Web Exclusives:Features
a PAW web exclusive column

October 10, 2001:
Buffalo Running
Writer Chris Lear ’96 recounts his year of running cross-country with the University of Colorado

By Rich O’Brien

Running With the Buffaloes, by Chris Lear ’96, is a gritty and engaging behind-the-scenes account of the University of Colorado cross-country team’s 1998 season. The book, in Band-of-Brothers fashion, brings alive the struggles, both aerobic and emotional, of a group of young men training and racing at the very highest level. Dominating the narrative are Mark Wetmore, Colorado’s charismatic, demanding — and extraordinarily successful coach — and Adam Goucher, the Buffalo star who in the fall of ’98 was just coming into his own as America’s best distance runner.

Originally self-published, Running With the Buffaloes quickly became, as the Boulder Daily Camera dubbed it, “a cult classic,” thanks to word of mouth — and word of mouse — as running enthusiasts across the Internet emailed friends and teammates with rave reviews and clicked in orders to Amazon.com. Impressed with the book’s grassroots success, Lyons Press bought Running With the Buffaloes late last year and released it in hardback this fall. The first printing, of 5,000 copies, has already sold out. (For more information, visit runwiththebuffs.com.)

Lear, a national-class high school miler in New Jersey who went on to become a two-time All-America and cross-country captain at Princeton, still runs seriously on the roads and trails around his home in Boulder. Currently working full-time in business development for zipsend.com, an email gift service, he also writes about running for a variety of magazines and web sites.

PAW Online caught up with Lear by phone during his recent visit to his family’s old home in the town of Gobertange, Belgium.

PAW: Belgium? You’re supposed to be a Jersey boy.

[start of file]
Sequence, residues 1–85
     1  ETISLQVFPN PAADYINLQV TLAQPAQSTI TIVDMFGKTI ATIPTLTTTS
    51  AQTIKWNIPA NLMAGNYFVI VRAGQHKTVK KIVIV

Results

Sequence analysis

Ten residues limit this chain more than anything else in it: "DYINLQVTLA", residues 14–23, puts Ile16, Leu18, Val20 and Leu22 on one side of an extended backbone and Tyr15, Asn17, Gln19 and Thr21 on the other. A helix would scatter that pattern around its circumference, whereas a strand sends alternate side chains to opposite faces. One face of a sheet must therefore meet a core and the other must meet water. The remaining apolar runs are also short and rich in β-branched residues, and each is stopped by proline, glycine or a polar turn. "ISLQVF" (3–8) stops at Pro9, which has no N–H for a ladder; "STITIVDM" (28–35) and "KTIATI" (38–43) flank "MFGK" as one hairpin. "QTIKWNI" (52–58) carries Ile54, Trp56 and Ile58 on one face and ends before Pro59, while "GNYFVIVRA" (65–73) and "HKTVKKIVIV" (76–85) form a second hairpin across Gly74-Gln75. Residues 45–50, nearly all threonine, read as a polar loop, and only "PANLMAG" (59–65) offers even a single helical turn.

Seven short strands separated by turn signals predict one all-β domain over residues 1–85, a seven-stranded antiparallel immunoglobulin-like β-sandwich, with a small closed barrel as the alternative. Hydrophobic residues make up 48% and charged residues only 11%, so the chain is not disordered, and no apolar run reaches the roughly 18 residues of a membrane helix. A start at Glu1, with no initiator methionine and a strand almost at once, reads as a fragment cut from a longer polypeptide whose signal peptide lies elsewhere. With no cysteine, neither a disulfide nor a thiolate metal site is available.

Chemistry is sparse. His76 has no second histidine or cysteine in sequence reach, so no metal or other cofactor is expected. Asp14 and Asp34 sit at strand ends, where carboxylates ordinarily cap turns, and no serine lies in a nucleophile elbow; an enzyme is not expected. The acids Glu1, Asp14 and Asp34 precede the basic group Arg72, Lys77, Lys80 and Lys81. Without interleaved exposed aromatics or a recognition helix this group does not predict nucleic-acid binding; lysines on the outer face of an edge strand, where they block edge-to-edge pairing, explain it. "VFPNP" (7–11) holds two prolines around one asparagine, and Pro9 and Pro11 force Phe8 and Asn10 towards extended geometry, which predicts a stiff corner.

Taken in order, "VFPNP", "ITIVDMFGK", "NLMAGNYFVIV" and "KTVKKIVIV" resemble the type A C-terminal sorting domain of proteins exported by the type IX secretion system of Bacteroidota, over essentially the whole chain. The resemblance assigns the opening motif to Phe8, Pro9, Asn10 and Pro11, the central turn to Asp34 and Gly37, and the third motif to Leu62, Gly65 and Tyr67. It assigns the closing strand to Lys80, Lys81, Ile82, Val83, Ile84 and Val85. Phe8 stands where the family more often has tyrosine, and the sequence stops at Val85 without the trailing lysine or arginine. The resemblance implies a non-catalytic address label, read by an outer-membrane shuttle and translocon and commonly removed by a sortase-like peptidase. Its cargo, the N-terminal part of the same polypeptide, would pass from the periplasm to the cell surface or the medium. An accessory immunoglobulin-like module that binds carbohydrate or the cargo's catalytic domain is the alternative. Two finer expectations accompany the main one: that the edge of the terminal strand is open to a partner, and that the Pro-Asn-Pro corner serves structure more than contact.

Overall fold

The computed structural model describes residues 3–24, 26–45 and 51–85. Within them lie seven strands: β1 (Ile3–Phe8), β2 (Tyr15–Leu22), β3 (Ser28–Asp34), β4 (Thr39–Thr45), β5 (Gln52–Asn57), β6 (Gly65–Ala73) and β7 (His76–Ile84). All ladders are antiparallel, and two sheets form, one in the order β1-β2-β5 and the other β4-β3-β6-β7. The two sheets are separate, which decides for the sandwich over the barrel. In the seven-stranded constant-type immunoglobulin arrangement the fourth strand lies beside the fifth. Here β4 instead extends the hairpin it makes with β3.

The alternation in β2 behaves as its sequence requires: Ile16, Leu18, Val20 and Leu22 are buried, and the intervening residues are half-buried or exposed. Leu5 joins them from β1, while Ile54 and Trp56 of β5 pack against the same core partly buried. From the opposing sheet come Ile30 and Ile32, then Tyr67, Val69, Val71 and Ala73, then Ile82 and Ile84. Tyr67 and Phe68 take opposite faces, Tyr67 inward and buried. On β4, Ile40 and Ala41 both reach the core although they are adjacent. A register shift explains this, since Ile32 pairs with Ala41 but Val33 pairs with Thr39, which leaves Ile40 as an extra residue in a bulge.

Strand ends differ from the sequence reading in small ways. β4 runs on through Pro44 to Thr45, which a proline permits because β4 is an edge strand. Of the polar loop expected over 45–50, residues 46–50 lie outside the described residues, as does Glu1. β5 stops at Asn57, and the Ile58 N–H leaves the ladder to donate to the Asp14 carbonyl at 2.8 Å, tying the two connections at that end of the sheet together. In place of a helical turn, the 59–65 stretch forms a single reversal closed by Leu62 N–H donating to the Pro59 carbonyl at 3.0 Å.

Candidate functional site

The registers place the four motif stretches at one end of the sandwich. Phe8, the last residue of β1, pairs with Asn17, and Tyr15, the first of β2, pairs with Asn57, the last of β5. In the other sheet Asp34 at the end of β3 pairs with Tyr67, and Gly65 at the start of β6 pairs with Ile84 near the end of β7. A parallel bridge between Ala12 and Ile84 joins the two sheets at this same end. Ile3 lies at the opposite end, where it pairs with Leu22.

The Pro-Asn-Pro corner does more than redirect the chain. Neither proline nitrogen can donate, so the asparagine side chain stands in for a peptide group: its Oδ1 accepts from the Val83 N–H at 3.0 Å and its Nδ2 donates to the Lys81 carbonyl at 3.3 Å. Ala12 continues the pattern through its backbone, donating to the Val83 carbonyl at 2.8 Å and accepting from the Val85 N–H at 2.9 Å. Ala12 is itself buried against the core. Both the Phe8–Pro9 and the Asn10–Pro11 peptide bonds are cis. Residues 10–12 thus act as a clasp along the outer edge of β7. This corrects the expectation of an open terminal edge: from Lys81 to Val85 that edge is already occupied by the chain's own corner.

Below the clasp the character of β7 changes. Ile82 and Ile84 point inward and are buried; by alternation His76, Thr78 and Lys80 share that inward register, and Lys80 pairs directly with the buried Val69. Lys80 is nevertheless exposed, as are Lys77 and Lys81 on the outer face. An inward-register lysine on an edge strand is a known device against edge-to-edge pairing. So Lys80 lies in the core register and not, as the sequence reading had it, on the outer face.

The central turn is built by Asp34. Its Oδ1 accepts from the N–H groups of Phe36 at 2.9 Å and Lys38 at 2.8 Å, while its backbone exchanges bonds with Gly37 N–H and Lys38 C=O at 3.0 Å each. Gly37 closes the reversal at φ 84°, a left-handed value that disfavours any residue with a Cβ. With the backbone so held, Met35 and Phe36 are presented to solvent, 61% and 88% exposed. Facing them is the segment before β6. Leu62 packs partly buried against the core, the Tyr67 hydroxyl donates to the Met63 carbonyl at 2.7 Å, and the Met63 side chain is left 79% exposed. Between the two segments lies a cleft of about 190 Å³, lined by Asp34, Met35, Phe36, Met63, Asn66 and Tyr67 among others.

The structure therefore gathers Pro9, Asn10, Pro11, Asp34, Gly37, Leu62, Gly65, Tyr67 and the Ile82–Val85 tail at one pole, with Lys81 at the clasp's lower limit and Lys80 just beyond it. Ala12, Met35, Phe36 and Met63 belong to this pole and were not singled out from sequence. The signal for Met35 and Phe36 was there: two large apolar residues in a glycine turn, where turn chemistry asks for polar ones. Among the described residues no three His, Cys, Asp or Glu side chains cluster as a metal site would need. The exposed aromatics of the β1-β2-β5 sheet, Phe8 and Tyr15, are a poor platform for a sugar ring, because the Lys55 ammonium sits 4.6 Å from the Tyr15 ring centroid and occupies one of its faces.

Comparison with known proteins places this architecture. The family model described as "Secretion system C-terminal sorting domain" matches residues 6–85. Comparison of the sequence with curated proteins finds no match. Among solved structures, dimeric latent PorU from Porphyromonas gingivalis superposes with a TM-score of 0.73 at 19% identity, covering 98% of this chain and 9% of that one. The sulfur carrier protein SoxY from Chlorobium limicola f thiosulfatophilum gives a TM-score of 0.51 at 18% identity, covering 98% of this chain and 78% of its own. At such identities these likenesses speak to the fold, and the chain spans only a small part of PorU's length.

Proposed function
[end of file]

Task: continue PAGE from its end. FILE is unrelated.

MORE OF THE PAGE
CL: My mother was born in Belgium. She met my dad when she came to the States as a young woman. He was from Newark. I grew up, along with my twin brother, Tim ’96 , and my sister, Frederique ’00, in Summit, New Jersey, but we went to Belgium every summer and stayed in my grandparents’ house. I actually went to first and second grade in Gobertange, in a one-room school house.

PAW: Did you always want to be a writer?

CL: Not at all. I know that a lot of people come to Princeton intending to be a writer. I didn’t. I never even took a writing class. I was a sociology major. But I enjoyed working on my thesis [on the gentrification of Hoboken, New Jersey] , and my adviser, Suzanne Keller, liked it and encouraged me to keep writing. I began to think of it as something I might want to do.

PAW: What was the genesis of the book?

CL: I’d always been an avid reader of nonfiction sports writing. I loved John McPhee ’53’s book on Bradley ’65 and John Feinstein’s Season on the Brink, about the Indiana basketball program under Bob Knight — which, obviously, was something of a model for Buffaloes — but I hadn’t really found any writing like that on running. Most of the books I’d read were either how-to training guides, or more spiritual in nature. It seemed to me there was room for good non-fiction running reporting.

PAW: Did you set out to do the book immediately after graduation?